Monday, December 24, 2018

TV: MURPHY BROWN is no friend to women

What is with truth and representation?  We saw two fake asses last week.  One of them had a special, the other had a TV series.

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Last week, we wrote about YOUNG SHELDON because, without THE BIG BANG THEORY as a lead-in, YOUNG SHELDON is going to be news -- possibly spun as "Look how bad things are for CBS without Leslie Moonves!"  Yes, we can hear some idiots insisting that.  But that's why we wrote it last week.  Moonves greenlit the crap that is YOUNG SHELDON and he gave it a season two.  He's now gone from CBS but he could have put a real show on after THE BIG BANG THEORY, he could have used that spot to groom a follow up show that audiences would love.  He didn't.  He just tossed YOUNG SHELDON on after it and, come this spring, THE BIG BANG THEORY wraps up and is no more.  CBS should have been planning for that day.

But when we got home two Saturdays ago, we had a copy of that week's MURPHY BROWN.  It was a good episode, a strong one.  And friends with the show wanted us to note that.  But we had to cover YOUNG SHELDON and we get tired of doing several pieces every week.  We were going to do one and only one article and we hoped we could work MURPHY BROWN into it.  But we couldn't.

Yes, the episode was a marked improvement over the first ones we saw.

And we felt bad that we couldn't note it.  So one of us worked it into an "Iraq snapshot" at THE COMMON ILLS last week.

Try to do someone a favor, right?

Anything men can do, women can do better!


Anything men can do, women can do better?  Women rule?

We're not questioning the idea or notion being expressed, we're questioning whom it's coming from.

MURPHY BROWN?  The Twitter feed for the show has the nerve to offer that?

"Ava and C.I., what do you mean by the nerve?  It's just a little slogan and many of us agree with it."

Yeah but it's a damn shame Diane English doesn't.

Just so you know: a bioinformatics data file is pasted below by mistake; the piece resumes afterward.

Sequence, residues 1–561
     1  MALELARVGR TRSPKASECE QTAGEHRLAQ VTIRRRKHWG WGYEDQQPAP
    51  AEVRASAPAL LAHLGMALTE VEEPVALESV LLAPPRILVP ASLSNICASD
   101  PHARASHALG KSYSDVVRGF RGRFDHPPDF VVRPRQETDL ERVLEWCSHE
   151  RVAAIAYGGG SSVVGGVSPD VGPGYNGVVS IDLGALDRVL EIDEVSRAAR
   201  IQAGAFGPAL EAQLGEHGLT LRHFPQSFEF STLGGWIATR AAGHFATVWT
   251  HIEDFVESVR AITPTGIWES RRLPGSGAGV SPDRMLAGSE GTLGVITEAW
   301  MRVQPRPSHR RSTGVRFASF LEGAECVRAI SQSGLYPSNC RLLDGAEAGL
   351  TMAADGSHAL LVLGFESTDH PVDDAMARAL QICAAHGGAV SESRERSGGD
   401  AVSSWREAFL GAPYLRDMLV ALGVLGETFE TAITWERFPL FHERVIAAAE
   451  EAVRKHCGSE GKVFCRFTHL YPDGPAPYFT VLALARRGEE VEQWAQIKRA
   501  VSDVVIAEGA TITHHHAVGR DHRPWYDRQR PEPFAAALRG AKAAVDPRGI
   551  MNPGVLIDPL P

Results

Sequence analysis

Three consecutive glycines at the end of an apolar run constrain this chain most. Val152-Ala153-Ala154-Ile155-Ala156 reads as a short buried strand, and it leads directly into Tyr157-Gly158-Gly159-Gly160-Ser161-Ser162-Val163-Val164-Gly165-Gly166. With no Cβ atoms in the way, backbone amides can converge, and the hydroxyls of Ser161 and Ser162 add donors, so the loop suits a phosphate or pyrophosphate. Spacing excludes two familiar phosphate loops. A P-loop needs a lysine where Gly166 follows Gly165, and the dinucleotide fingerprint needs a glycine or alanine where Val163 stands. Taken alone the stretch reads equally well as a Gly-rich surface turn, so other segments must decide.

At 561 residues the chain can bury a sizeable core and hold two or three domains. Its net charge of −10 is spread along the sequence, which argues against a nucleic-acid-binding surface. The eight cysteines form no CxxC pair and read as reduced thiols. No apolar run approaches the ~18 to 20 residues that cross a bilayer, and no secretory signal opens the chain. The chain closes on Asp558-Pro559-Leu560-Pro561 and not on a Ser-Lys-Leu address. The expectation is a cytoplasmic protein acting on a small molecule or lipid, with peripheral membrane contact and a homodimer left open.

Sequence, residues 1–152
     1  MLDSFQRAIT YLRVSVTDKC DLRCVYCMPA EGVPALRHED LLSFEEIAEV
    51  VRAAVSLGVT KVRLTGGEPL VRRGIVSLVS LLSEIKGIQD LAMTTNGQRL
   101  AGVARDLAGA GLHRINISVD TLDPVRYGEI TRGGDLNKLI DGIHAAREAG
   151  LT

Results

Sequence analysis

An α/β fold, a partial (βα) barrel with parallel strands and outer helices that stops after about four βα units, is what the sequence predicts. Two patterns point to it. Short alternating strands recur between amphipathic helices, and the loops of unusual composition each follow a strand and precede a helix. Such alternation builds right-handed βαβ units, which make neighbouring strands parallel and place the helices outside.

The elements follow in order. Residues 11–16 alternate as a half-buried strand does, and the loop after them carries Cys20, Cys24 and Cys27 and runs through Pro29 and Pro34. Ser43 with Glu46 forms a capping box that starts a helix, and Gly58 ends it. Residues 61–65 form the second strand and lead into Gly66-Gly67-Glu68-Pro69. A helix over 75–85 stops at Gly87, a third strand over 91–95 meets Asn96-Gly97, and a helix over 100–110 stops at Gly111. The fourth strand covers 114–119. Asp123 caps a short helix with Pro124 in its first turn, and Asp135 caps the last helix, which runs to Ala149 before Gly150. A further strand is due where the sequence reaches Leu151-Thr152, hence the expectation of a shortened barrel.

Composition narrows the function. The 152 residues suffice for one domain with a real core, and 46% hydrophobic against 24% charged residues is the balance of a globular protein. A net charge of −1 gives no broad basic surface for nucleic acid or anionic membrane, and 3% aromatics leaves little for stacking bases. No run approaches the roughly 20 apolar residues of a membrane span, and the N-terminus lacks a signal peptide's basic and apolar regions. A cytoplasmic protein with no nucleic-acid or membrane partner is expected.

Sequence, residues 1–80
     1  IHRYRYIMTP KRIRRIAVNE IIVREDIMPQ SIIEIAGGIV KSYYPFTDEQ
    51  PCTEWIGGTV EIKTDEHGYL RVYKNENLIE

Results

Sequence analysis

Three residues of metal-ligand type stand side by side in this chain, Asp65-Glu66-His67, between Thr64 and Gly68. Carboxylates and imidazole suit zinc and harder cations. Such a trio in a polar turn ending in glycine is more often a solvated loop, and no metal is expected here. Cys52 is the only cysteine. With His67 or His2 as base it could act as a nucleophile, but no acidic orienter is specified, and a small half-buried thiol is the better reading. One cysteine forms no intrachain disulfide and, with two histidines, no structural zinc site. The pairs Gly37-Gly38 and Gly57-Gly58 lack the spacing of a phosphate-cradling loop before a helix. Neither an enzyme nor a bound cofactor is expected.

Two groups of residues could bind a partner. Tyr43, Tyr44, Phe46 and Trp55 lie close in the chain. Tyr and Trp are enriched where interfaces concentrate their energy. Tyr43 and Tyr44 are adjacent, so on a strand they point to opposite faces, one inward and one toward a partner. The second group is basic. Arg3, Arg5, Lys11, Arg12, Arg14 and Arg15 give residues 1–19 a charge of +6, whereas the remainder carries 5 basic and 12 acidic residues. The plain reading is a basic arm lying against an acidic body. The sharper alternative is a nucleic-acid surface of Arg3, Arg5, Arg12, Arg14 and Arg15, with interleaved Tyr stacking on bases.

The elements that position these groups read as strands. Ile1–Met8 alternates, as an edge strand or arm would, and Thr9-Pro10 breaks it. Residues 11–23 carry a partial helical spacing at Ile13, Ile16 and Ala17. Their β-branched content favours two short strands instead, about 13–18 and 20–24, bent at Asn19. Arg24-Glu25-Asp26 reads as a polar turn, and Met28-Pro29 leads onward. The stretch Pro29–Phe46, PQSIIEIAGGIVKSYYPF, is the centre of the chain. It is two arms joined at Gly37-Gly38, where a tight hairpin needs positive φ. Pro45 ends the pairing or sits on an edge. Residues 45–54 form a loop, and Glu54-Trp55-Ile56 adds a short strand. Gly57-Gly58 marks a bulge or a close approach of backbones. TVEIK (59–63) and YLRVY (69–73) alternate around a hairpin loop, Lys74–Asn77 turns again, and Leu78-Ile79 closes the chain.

To note the Afghanistan episode, the writers had to be noted and we were both surprised to find that two men wrote it.

Which made us curious.

"Don't look, don't look," we told ourselves repeatedly.

But like a woman in a horror film stumbling across a closed closet door, we had to open it up.

One woman directed four episodes -- Pamela Fryman.  There were thirteen episodes.  Nine were directed by men.

Anything men can do, women can do better?

Okay, maybe they did better with writing.  Diane English, creator of the show, after all is a writer.

And, it turns out, she wrote for this season.

One episode.


Laura Kraftt wrote two episodes.

And Gina Ippolito co-wrote one and got credit (along with three male writers) on another.

So if you're generous women were responsible -- partly or in whole -- for five episodes.

Out of thirteen.

And men are responsible -- partly or in whole -- for nine episodes.

Dianne English has long presented herself as the last word in feminism and we're supposed to celebrate and support everything she does.

But, as her track record demonstrates, she doesn't do the same.

She had thirteen episodes.

She apparently doesn't believe women can direct because only four were directed by women -- leaving, again, nine to be directed by men.  And the writing credits are equally troubling.

Why are we applauding Diane English?  And, excuse us, Candice Bergen, all your pro-woman talk promoting this show?  Shouldn't you have noticed how poorly the show was with representation?

Speaking of, we called out the show for its portrayal/treatment of African-American characters -- they were repeatedly being told to shut up or being interrupted -- in bit roles.  We weren't the only ones making that complaint to CBS or to friends with the show (and we made it here when we first reviewed it).

In the fourth episode, Merle Dandridge, a bi-racial actress, was added as their boss Diana.  And she came off like "Black bitch" on a reality show.  We took on that nonsense, that stereotypical crap, when we covered the first season of the reality show the current President of the United States used to host.  It was racist then and it's racist now.

On episode 13, it got worse.

She's the boss and she kissed her subordinate Miles.  She's the boss.

At a time when Diane English and Candice Bergen wanted to insist in their publicity that this was the time for the return, it was #MeToo! (though that didn't stop either woman from supporting Leslie Moonves and insisting he was innocent -- he wasn't), they're going to air that storyline?

And they're going to push it off on their token character?

We try to be nice, over and over.  And then it becomes clear why we can't be.

MURPHY BROWN returned and it was offensive and not funny.  And it's made by people who have no clue what year it is or what world they are living in.  But they want to hector the country about politics?  Instead of delivering laughs, they want to deliver lectures.  And this coming from a group so pathetic that they  confuse meaningless Tweets with actually doing something like hiring an equal number of women to direct and to write.

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